The pros & cons of DIY Cloud Migration

The new era of cloud computing makes it easy to get new instances up.  But does that means you should handle the migration yourself?  In this blog, originally from our colleagues at Oriel, we examine the process of DIY migration.

Think of painting your house. You probably have a ladder, and buying paint, brushes and furniture covers isn't that hard. But just like migrating to the cloud, there are nuances and tips you don't know, and correcting it later might end up costing more than it would have to just call in an expert to begin with.

Of course, that's not to say those tricks aren't out there to find if you talk to the right person, so step one in any cloud migration is to learn all you can. Talk to a cloud service/management provider first, even if you do decide to go it alone. It's guaranteed you'll learn about aspects you hadn't thought of and the tips to deal with them (there are so many scary variables, in fact, many organisations talk to the right provider and instead decide to engage them for the project anyway).

What most cloud services don't tell you is that while it's easy to provision a server or install an operating system, the challenge is in moving your information to a new environment with all dependencies accounted for and covered. Everything from making sure the right data is accessible to the right people to back-up regimes has to be thought out.

And of those organisations who opt to perform their own cloud migrations, it seems most are doing a haphazard job at best. An infographic by AWS monitor provider Cloudcheckr reported that 98 per cent of self-service cloud users had issues maintaining uptime, 91 per cent didn't back up their cloud computing instances often enough, and 44 per cent hosted data that was left vulnerable to an attack or outage.

Move or start over?

Perhaps the first question to ask yourself is whether you're migrating or building. At first glance the answer might seem obvious – if you have established systems or processes hosted on-premise and you want them moved to the cloud, you're migrating, correct?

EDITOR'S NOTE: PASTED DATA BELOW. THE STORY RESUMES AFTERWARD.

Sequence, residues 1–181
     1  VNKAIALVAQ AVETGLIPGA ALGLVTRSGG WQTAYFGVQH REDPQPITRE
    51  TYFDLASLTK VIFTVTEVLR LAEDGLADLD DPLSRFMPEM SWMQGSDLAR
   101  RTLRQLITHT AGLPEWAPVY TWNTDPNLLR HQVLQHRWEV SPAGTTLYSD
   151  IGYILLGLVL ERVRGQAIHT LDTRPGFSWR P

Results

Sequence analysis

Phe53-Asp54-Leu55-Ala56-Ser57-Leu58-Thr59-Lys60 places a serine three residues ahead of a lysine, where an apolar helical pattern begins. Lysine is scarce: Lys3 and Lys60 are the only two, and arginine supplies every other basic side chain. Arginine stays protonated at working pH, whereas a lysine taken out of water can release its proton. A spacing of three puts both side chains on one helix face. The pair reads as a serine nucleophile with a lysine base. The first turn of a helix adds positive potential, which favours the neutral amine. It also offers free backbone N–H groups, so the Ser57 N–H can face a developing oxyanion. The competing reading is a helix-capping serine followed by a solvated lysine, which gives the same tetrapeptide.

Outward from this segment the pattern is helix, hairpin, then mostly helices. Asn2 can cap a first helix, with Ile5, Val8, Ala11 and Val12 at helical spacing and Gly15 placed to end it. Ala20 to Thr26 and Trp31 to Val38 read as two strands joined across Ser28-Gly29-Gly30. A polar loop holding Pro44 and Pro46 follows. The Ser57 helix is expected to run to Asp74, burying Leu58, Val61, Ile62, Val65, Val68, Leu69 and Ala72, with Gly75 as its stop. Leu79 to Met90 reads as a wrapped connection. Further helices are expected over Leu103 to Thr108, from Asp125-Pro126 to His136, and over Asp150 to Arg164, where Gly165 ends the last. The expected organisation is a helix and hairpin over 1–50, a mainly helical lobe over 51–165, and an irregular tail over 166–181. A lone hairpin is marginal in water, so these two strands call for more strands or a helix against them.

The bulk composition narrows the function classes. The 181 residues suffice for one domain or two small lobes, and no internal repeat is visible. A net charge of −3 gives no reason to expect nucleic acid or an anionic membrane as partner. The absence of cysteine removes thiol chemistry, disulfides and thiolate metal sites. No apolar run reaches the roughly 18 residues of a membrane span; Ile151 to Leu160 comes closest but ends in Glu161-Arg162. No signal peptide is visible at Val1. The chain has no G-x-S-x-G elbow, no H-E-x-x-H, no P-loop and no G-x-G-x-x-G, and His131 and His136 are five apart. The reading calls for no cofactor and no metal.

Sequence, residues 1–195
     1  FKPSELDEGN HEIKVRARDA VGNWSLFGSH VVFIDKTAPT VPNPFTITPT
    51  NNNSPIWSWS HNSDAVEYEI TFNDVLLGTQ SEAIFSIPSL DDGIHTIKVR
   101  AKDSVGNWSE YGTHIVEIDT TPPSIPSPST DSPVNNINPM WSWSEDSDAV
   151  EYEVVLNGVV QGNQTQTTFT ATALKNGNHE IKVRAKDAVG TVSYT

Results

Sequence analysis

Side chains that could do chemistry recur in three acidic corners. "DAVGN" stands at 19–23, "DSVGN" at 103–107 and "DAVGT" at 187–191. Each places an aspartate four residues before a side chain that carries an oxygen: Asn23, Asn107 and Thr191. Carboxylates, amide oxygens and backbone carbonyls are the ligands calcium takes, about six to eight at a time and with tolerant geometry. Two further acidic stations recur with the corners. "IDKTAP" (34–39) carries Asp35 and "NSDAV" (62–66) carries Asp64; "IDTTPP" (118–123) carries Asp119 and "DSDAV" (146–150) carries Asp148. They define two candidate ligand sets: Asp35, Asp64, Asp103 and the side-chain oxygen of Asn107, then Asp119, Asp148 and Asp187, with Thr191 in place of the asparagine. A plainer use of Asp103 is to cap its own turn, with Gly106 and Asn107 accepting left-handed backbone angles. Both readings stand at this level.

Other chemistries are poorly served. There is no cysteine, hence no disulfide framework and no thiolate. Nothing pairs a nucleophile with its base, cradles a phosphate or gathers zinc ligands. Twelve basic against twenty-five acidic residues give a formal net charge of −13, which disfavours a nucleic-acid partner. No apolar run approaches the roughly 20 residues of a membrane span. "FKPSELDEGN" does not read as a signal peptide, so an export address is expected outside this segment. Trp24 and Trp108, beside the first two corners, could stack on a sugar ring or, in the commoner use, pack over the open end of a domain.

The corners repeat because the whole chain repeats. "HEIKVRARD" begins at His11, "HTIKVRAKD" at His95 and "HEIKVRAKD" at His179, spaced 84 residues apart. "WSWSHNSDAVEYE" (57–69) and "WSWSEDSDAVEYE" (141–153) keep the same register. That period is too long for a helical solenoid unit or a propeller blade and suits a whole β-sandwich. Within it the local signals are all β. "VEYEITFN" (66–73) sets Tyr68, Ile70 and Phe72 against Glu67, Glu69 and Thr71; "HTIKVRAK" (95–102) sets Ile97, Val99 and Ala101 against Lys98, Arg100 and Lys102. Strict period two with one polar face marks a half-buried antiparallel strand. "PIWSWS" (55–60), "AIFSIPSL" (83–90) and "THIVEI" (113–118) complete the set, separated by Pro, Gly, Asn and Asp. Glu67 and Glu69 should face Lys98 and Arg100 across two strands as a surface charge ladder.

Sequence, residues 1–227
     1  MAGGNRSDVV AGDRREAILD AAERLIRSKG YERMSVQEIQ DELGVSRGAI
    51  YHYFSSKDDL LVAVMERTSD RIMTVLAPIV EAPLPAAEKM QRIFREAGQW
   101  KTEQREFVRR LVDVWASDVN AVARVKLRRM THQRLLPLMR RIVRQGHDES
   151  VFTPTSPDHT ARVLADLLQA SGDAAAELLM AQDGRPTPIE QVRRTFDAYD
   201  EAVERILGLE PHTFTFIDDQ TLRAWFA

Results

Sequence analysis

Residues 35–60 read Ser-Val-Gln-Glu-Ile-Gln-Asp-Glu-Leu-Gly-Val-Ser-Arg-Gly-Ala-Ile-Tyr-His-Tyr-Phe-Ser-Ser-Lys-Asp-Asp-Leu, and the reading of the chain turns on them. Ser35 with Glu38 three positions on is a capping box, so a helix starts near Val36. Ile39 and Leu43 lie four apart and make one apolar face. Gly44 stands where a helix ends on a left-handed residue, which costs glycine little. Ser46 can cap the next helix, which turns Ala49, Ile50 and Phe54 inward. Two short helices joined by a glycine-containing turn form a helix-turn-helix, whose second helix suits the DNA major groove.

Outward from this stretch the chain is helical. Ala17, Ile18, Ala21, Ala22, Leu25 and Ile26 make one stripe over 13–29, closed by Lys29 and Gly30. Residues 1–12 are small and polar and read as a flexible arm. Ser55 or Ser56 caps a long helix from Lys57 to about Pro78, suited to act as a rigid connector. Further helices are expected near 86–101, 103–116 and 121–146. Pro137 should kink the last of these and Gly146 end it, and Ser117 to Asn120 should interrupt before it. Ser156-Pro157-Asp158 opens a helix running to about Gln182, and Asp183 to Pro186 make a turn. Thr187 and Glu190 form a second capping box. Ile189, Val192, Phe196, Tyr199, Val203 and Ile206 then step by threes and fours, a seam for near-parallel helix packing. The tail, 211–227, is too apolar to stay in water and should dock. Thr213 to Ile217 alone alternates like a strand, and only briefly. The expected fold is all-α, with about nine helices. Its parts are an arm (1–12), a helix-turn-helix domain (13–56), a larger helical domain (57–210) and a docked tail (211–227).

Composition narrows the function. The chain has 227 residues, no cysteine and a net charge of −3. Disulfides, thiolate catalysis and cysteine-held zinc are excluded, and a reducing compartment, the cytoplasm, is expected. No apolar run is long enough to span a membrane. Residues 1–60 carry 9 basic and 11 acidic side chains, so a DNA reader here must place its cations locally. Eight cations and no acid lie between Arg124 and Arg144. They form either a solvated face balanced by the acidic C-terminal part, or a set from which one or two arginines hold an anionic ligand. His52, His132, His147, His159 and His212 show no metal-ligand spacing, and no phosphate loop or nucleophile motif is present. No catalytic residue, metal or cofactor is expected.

Take a step back. Moving to the cloud and performing all the associated checks and tests to make sure everything works can be complicated and fiddly. You might be applying patches, deploying new builds, bug testing and going back to the drawing board so much it would have been quicker and cheaper to build out a completely new cloud infrastructure with raw data. Migration might not be the answer.

If you go through the process and decide migration is the way forward, the list of things you'll have to account for when moving between your outgoing and incoming infrastructures can seem endless. Just some are;Operating System – If you're not going like-to-like and other OS versions of your solution aren't available, it might mean complete application redevelopment.

  • Scale vector – How much will your data change and grow, and what kind of environment do you need to migrate into to handle it? Will there be a big spike and if so, do you have instant access to a hundred times the space or processing power, resources you don't want to be paying to maintain during normal trading?
  • Security requirements – Will the new environment have appropriate security protocols? Does incoming file scanning adhere to the standards you've promised your own customers? Might the cloud provider host your data in another country or legal jurisdiction without you knowing, contravening laws about data retention in your industry?

A trade off

Even if you're completely confident you can do it yourself, should you? Any IT project – including a cloud migration – will take money and time away from your staff and other projects. If a huge new business opportunity comes along that means your IT department has to build an application quickly, do you want them tied up in a migration, spending money you might be directly attributing to a tangible profit? 

Arm yourself beforehand by sketching out the whole project. You might have little to no problems migrating your own systems (increasingly unlikely as IT grows more complex), but when you know how long it will take and how much it will cost, is it worth it? Outsourcing to a managed service provider might still save you money.

In the end, remember that we live in an era of sticking to core competencies. Your business sells mortgages, plumbing services or maybe stuffed toys online – your directors and board don't want to rebrand as a successful cloud migration company.

Even if you're an IT manager at a giant conglomerate with a well resourced in house IT department, each cloud deployment has quirks, limitations and undocumented features you're unlikely to know in their entirety. Talk to providers, get advice, understand the field, plan, check your plans, show a migration consultant or provider for their thoughts, and be prepared to dive deep. If you embark on a DIY cloud migration, you need to be aware of the traps.


This was originally posted by our colleagues at Oriel.

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Topics: Cloud Computing, IT Manager, Migration

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